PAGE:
“How’d you get that nasty old splinter, anyway?” Lydia asked tenderly, pushing a stray lock of hair back behind Jimmy’s ear.
He shrugged, then after a moment found his voice.  “Uh, I was… uh, choppin’ wood.”
Lydia pulled back to look into his expressive eyes.  “But, why?” she questioned.  “We already got plenty chopped.”
“I was….. well…. “ Jimmy ground to a halt, unsure how to explain to her.
“Oh, baby,” Lydia commiserated in sudden understanding.  He wasn’t good at talking, she’d figured that out a long time ago.  But still waters ran deep.  She pressed one palm to his cheek.  “Surely you weren’t upset by me?”
Jimmy leaned into her touch even as he shrugged in answer to her question.
“Darlin’,” she said, affecting his own accent, “you may’ve been the ‘cause of my…. mood… the last few days.  But that ain’t a bad thin’.”
Leaning forward she began to feather kisses down the side of his cheek and over to his ear.  Pausing there, she whispered, “Besides, this mood won’t last more’n, oh… ‘bout eight more months.”
She didn’t wait for his response, simply resumed kissing her way down the side of his neck, gently letting her breath blow across the moist trail she was leaving behind, making shivers course down his back.  Enjoying her attentions, it took him a minute to figure out what she’d said.
Jerking his head back to look into her eyes, he gasped out a strangled, “What?!”
She looked down into his shocked orbs and simply nodded her yes.  Leaning forward again, she whispered to him, “Why don’t you take me upstairs and we can…. discuss baby names.”
“Ye… yes, ma’am,” he stuttered, standing up in one jerky motion and slipping an arm under her legs to pick her up.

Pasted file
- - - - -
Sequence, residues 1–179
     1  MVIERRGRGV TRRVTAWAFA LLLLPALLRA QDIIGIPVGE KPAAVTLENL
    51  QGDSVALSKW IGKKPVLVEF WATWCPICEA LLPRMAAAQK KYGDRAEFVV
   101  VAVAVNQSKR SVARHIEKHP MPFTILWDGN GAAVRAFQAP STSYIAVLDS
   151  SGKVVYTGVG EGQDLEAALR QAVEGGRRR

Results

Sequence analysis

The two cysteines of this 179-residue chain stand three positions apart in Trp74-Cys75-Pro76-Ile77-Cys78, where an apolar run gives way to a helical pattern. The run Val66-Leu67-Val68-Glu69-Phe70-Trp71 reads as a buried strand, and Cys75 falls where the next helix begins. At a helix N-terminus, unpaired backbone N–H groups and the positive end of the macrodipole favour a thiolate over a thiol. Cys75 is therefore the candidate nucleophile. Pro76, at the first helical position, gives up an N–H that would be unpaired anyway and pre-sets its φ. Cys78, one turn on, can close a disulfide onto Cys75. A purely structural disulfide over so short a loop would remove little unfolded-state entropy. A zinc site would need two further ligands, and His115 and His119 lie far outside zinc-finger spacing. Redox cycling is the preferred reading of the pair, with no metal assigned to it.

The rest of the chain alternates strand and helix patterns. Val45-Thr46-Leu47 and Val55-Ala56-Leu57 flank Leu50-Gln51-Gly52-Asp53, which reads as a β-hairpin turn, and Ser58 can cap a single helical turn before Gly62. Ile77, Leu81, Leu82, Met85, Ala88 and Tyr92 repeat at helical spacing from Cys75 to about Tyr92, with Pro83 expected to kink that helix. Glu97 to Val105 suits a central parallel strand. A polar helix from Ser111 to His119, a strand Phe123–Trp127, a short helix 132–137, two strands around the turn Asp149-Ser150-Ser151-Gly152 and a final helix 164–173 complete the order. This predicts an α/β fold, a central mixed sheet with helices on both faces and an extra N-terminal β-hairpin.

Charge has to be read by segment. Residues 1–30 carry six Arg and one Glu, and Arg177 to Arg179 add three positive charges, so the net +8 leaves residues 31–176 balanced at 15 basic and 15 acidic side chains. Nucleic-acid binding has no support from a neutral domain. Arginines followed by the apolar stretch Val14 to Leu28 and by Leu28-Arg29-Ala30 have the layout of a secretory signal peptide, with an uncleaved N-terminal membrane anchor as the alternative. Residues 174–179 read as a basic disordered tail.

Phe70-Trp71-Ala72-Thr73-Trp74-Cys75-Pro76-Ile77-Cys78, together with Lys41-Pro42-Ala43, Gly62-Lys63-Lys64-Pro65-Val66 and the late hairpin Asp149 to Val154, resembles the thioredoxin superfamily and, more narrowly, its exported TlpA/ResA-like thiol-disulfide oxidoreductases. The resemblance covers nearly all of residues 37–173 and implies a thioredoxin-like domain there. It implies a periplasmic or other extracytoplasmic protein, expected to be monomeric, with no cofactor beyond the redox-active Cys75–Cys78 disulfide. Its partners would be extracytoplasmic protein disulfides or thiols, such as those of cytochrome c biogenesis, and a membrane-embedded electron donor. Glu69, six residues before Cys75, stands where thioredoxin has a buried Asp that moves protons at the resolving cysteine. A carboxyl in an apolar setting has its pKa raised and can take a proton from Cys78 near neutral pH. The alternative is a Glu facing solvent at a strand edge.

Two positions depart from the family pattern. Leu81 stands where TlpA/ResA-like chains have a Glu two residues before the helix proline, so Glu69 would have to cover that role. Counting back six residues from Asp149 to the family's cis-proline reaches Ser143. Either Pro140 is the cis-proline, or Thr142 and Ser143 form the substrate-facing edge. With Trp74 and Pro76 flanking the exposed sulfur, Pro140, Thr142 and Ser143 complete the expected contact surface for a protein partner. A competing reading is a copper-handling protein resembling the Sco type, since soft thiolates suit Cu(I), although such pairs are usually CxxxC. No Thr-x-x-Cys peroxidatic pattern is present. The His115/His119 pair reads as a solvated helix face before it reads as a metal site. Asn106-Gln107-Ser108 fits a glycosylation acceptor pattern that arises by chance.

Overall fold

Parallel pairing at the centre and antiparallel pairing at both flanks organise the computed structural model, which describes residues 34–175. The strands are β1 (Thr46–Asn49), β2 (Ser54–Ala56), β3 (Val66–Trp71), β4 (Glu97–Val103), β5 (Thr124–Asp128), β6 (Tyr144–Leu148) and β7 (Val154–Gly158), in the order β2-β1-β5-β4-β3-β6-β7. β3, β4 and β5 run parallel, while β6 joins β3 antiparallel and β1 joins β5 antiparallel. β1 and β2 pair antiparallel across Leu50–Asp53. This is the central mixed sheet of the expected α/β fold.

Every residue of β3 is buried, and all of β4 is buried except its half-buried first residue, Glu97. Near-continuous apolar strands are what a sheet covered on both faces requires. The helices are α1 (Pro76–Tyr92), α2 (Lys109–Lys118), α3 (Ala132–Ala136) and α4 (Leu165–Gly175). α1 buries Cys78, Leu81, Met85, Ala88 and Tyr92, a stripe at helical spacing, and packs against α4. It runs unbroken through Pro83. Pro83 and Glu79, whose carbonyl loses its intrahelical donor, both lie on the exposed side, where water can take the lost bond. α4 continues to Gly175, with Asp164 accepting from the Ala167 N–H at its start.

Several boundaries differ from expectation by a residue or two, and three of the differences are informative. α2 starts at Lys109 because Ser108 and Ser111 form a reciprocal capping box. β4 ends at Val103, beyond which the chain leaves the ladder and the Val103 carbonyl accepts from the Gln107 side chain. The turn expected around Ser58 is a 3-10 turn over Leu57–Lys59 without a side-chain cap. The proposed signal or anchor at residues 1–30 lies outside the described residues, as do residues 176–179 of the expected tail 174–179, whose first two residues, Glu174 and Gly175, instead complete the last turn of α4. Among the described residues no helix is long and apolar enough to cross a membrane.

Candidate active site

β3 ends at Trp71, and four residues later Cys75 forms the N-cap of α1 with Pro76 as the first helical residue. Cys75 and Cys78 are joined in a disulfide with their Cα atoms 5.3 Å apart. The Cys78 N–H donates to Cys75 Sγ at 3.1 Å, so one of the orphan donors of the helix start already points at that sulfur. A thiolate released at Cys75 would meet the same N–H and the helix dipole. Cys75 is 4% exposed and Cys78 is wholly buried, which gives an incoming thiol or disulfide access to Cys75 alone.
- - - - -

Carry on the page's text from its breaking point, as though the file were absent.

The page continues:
Taking advantage of the distraction Jimmy and Lydia were creating, Lou giggled in Kid’s ear, “Let’s get out of here.”
Grabbing his hand in hers, she began dragging him toward the back door of the kitchen.  At his suddenly indrawn breath, she glanced back and realized what she’d done.  She shifted her hand up to his elbow and finished pulling him out the door, where he turned and pushed her up against the back wall of the house to finish the kiss she’d interrupted.  She laughed throatily against his lips, enjoying his eagerness for her.
Within seconds the only ones left in the kitchen were Buck and Teresa.
Teresa looked at the tall, handsome young man and smiled.  “Looks like we’re on our own again.”
He nodded.
“What say we go pick up the children from school,” she suggested, “seein’ as how their parents seem ta be a bit… preoccupied… at the moment and have ourselves a picnic supper down by the swimmin’ hole?”
“Sounds good to me,” Buck smiled, his teeth flashing white.  He held out an arm and Teresa tucked her hand into the crook of his elbow and they walked out of the kitchen arm in arm.  Leaving behind only a bloodied knife, a few rags and a bowl of used whiskey next to a half empty bottle on the kitchen table.  “And remind me never to get a splinter or blister around those two, would ya?”